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It is my understanding that a part of the complexity that the Standard Oil Company built up was due to the nature of US corporate legislation (while, of course, the rest was that they wanted to hide ownership in other companies, etc) in the 19th century which prevented corporations that were incorporated in one state from engaging in certain activities in another state. I've been wondering how such legislation would have affected American railroad companies, given these had to cross state borders in many cases.

What corporate forms did a typical 19th century American railroad companies take? Did a typical 19th century American railroad company have a separate incorporated entity in every state? If so, what were the benefits of this structure?

Additional question if it fits into the structure of understanding the above questions: what considerations did railroad companies have to have for owning property and generating revenue in a different state to the one it was incorporated in?

With respect to my prior research, I've been unable to specifically figure out what activities were complicated if a company was not incorporated in that state. I've investigated corporate law and its development as well as trusts—while trusts would probably have been useful for a railroad corporation they were properly introduced in 1882 so a bit too late for this question (and the Standard Oil Company already had "disparate companies, spread across dozens of states" by this point).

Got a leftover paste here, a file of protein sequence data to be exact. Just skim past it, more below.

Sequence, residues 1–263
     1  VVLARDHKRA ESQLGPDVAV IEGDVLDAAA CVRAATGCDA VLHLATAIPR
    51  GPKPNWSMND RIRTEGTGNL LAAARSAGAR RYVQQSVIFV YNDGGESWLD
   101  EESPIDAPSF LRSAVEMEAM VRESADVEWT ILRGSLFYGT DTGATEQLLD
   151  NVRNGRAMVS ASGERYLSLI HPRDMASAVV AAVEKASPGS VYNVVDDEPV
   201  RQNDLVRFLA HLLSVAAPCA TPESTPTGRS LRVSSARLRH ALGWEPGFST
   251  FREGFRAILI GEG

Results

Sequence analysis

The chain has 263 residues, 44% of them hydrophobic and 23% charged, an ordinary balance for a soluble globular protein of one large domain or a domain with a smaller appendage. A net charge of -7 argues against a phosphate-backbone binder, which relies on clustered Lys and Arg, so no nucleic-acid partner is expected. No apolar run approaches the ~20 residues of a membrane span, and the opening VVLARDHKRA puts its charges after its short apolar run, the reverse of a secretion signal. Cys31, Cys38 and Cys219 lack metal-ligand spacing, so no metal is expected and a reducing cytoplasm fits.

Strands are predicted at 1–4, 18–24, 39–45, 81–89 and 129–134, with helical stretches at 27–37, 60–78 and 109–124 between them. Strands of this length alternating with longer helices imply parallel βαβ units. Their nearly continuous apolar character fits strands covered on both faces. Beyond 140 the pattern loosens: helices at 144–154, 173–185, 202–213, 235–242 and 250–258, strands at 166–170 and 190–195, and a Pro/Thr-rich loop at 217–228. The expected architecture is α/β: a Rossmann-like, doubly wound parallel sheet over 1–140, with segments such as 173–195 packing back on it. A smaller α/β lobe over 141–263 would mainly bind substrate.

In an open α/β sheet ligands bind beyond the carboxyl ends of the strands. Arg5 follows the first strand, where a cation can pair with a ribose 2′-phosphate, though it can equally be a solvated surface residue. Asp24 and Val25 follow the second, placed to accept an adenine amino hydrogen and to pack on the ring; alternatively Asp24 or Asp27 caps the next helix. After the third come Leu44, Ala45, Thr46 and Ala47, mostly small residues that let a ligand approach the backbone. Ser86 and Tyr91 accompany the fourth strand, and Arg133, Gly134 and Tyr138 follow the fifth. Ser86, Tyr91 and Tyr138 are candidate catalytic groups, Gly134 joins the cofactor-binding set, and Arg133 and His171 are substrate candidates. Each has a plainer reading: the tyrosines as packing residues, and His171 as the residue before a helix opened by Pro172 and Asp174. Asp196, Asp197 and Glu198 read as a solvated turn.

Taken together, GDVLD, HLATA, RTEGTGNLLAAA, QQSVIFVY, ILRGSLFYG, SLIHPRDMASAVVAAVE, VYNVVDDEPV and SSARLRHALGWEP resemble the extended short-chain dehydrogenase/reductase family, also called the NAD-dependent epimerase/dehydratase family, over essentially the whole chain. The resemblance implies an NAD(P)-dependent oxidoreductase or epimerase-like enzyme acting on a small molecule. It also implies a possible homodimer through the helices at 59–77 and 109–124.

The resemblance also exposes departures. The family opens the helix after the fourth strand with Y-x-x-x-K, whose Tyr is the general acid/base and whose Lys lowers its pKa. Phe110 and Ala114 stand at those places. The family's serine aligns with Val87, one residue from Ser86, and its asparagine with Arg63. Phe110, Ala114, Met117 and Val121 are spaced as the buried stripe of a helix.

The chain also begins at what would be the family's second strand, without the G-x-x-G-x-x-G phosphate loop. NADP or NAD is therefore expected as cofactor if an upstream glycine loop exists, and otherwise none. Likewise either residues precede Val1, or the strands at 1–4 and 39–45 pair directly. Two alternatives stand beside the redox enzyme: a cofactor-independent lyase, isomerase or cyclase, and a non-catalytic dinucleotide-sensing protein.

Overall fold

My memories regarding possible state inhibitions come from Chernow's 'The Titan', but I didn't note the relevant passages at the time and I don't have an online preview in my location. Possibly, one of the main reasons why having a different incorporated body in a different state was beneficial is that this made owning local property easier, but I'm not 100% sure of this.

I've looked at some specific companies as well to see if this is generally described in those articles, but it isn't:

Some useful background information is provided in this question, but it doesn't nearly go into depth about this aspect of railroad corporations. This question is closely related but doesn't have any answers.

  • The short answer is, it was actually the other way around. – Spencer Jul 12 at 20:40
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    What specific legislation(s) are you asking about? Here is an article about "The Sherman Antitrust Act and the Railroad Cartels". I feel like you may have something earlier and totally different in mind but it's not clear to me. – Brian Z Jul 13 at 0:25
  • @BrianZ: Slightly earlier, but that's interesting as well. However, that actually deals with inter-railroad cooperation (pooling) and not intra-railroad structure. – gktscrk Jul 13 at 15:09
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Question:
How did mid-19th century American legislation affect the corporate structure of railroad companies?

It is my understanding that a part of the complexity that the Standard Oil Company built up was due to the nature of US corporate legislation (while, of course, the rest was that they wanted to hide ownership in other companies, etc) in the 19th century which prevented corporations that were incorporated in one state from engaging in certain activities in another state.

Short Answer: